Dental core trainee:to be or not to be?
In this article, Rachael Otukoya talks about her experience in dental core training, and why it is invaluable in gaining further experience post-qualification.
Finishing my dental foundation training gave me more confidence in seeing and treating a range of patients post qualification. Dentistry can sometimes be a minefield of different opportunities. I thought that it would be a good idea to see and treat people in different environments, under different circumstances. I was always intrigued about doing a year of training in oral and maxillofacial surgery. From what I had seen from my undergraduate training, dental core trainees in the speciality appeared confident in doing jobs that I would not even think possible at this stage in my career. So, I eagerly applied for the job, and got it.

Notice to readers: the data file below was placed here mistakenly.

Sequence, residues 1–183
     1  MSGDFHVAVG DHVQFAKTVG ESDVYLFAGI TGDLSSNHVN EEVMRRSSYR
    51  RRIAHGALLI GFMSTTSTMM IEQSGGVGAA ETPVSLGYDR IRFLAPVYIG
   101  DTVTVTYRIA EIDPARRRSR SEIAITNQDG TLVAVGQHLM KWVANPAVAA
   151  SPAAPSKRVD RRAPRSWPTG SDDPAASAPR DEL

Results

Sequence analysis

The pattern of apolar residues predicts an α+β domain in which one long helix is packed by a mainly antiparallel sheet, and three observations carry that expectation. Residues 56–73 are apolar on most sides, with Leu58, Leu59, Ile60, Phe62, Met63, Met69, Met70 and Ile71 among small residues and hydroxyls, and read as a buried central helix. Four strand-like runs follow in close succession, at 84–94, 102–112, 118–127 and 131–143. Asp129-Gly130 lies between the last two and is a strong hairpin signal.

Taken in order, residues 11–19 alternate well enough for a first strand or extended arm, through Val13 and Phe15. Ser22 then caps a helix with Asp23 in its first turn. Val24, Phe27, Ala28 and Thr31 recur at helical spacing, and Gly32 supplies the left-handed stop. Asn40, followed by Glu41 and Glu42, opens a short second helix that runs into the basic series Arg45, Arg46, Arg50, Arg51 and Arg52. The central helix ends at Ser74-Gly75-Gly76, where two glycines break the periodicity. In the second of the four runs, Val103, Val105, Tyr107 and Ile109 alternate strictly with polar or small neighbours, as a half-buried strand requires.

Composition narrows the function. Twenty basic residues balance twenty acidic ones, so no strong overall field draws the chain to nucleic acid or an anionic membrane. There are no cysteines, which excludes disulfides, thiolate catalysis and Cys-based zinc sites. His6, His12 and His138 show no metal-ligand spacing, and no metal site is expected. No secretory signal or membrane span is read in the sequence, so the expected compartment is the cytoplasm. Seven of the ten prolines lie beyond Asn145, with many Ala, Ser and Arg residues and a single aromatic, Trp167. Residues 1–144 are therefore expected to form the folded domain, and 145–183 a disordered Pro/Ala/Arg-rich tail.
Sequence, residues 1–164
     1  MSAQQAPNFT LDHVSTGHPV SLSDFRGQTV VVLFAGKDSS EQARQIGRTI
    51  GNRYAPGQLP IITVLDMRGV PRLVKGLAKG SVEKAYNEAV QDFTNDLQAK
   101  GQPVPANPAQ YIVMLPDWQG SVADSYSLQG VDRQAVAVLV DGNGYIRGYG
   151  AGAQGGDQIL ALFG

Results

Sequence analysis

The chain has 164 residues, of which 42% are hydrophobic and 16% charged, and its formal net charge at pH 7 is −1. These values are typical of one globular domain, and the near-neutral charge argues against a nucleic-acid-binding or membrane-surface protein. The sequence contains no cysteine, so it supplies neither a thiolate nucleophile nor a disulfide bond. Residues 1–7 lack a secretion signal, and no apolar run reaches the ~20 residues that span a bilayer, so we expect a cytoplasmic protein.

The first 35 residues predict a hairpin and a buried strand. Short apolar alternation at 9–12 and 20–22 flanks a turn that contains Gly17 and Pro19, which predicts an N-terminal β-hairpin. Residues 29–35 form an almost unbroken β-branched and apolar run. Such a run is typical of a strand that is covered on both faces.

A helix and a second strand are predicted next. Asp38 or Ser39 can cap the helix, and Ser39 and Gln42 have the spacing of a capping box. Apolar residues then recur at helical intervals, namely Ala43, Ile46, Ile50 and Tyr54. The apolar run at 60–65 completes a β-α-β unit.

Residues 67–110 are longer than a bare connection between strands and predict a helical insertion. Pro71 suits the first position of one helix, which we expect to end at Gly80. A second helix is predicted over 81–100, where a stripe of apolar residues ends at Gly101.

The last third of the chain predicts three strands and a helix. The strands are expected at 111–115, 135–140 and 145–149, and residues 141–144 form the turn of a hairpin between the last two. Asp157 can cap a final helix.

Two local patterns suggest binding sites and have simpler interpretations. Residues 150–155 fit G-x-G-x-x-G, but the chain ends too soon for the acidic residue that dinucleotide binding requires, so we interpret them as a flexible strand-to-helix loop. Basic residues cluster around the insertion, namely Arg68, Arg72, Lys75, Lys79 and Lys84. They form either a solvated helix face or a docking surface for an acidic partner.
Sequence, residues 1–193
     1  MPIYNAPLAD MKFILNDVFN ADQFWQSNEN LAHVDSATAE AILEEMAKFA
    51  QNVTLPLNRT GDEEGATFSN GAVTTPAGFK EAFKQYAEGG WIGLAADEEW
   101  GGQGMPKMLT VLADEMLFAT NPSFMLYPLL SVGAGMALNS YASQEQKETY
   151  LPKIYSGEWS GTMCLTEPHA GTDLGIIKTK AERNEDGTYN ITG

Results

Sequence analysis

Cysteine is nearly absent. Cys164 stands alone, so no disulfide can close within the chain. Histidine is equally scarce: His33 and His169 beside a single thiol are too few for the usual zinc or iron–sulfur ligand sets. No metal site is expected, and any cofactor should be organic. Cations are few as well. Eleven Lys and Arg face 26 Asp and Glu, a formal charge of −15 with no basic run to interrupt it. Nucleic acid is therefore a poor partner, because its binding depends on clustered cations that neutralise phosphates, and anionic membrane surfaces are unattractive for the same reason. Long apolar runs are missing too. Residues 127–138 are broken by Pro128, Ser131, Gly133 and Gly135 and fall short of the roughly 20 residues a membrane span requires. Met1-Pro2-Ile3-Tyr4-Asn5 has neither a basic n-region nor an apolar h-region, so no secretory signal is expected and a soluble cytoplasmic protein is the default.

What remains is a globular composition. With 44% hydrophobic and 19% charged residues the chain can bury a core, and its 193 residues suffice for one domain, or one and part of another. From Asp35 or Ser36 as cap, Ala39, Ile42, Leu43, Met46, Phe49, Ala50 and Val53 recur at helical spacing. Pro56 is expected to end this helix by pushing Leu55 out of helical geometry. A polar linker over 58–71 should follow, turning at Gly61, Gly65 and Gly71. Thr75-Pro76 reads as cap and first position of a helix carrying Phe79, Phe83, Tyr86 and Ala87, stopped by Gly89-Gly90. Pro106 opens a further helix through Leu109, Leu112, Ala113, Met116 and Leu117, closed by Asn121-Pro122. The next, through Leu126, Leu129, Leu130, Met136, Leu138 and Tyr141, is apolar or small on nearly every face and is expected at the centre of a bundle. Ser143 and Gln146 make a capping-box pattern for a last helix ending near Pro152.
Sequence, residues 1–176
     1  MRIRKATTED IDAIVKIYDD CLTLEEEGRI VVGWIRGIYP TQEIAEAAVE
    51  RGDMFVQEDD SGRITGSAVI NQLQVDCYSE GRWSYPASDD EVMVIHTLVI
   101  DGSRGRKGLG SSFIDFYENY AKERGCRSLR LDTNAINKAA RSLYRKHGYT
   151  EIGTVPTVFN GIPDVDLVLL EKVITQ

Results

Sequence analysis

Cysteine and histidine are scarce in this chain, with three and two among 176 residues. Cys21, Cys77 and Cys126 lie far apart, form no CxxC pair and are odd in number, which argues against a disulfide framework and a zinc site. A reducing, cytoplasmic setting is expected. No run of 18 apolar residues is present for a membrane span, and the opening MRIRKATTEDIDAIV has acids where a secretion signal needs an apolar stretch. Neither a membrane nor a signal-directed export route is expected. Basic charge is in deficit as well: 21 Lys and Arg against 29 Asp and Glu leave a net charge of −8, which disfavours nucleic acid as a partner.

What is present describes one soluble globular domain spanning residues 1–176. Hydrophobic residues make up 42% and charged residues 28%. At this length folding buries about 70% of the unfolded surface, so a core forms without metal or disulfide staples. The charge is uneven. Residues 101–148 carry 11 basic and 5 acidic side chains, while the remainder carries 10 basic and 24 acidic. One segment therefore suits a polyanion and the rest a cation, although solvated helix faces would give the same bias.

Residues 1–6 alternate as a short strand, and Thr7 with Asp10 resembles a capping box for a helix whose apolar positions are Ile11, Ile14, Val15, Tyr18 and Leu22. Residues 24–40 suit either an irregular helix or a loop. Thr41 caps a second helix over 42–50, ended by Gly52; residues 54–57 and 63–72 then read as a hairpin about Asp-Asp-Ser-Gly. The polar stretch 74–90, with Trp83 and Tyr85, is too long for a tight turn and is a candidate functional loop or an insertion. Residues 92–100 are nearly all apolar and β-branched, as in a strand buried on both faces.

Seeing patients in accident and emergency
First and foremost, it opened my eyes to the world of surgery. That it is not just restricted to dentistry alone, but so much more in a patient’s journey. Seeing patients in theatre having procedures in orthognathic surgery, head and neck oncology surgery. Skin cancers and dento-alveolar surgery on adults and children alike, to name but a few. It also made me realise that there is so much more than the surgery itself. Including managing medications, taking bloods for patients, cannulation, and preparing patients for theatre. But this is not to say the role was without its challenges.
Seeing patients in Accident and Emergency, with facial fractures, lacerations and other maxillofacial injuries gave me an insight into suturing, gathering medical histories. Managing a patient when you are first on call to a scene as well as prioritisation of jobs. When to call for senior review, liaising with other specialties and urgent care delivery. Within a training environment, the 12 months spent in the role has…